Why trust gpg4win?
pete at heypete.com
Sun Aug 25 14:23:20 CEST 2013
On Sun, Aug 25, 2013 at 10:49 AM, Laurent Jumet <laurent.jumet at skynet.be> wrote:
> Hello Pete !
> Pete Stephenson <pete at heypete.com> wrote:
>> The easiest and least-expensive solution to this situation is using
>> smartcards: http://g10code.com/p-card.html -- the private key is kept
>> securely on the smartcard. Any private-key operations (i.e. signing or
>> decrypting) are handled on-card and the private key is not accessible
>> to the computer. You could, of course, generate the key on an offline
>> computer and then transfer it to the smartcard and keep an offline
>> backup (that's what I do) rather than having the key generated
>> entirely on-card with no backup (which is an option).
> This is only relevant (I mean existent backup) for keys that are used as a tool:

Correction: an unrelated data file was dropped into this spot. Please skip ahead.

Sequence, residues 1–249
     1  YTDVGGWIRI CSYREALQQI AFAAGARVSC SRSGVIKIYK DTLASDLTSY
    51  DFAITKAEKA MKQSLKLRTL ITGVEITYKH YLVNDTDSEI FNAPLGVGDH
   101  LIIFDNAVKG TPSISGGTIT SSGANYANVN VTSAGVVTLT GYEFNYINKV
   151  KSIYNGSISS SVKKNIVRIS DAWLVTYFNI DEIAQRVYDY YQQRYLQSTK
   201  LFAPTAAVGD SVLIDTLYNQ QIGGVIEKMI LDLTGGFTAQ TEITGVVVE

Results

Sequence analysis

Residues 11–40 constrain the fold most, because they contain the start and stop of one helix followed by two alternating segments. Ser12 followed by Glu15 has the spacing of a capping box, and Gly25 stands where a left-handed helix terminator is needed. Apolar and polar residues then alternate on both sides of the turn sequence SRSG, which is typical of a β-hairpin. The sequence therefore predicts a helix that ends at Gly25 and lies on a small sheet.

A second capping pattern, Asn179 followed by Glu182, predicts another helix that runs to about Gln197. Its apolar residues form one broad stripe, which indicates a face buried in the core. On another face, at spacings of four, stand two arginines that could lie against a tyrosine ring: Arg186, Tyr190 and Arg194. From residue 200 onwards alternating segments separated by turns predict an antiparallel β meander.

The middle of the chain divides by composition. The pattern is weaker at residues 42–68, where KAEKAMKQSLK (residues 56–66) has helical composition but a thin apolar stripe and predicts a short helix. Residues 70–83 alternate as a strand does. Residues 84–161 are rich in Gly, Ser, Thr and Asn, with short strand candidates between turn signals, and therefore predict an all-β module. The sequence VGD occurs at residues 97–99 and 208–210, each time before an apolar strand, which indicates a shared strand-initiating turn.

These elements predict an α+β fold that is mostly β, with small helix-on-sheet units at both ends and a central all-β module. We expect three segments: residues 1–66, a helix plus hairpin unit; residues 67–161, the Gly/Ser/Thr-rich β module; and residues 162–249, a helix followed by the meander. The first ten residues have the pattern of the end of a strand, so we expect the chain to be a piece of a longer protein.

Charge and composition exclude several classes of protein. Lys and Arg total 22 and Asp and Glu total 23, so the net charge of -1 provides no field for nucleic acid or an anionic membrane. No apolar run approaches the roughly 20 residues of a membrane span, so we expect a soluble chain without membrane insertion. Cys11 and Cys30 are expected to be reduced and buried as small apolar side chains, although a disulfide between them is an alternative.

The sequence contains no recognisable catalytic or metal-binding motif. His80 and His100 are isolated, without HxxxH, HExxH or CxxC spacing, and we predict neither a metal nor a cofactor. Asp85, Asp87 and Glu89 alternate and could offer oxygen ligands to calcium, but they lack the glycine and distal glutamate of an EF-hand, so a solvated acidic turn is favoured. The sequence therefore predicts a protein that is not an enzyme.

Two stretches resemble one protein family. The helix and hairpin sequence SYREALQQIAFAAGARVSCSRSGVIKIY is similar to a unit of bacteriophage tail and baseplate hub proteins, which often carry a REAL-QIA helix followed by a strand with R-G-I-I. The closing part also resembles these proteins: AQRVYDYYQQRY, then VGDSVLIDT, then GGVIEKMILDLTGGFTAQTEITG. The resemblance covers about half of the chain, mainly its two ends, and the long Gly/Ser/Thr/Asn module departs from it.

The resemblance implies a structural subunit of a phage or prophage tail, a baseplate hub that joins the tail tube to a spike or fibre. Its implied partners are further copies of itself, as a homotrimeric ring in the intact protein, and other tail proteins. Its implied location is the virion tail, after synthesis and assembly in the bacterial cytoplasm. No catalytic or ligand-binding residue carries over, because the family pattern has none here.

> you need a screwdriver for that caregory of screws.
> But if smartcard identifys *you*, backup means that there is a second Pete
> Stephenson on the Earth, that can sign, certify and so on. Forensic issues can be hard
> to break...
Yes, that's true. In my case, I use smartcards to prevent my private
keys from being compromised during my normal, day-to-day use of my
In my case, the private keys were generated offline and then
transferred to the card and to offline backups. If someone is going to
physically break into my apartment to compromise my private keys then
I have some pretty major problems. In such a situation, I could easily
revoke the keys. Personally, I'm more concerned about the smartcard
breaking in some way over the years and thus leaving me unable to
decrypt or sign messages, so I prefer to have backups. Your mileage
may vary. :)
If you or your organization have a requirement that there be a strict
one-key-per-person policy with no backups, then you can of course
generate the keys on the card.
More information about the Gnupg-users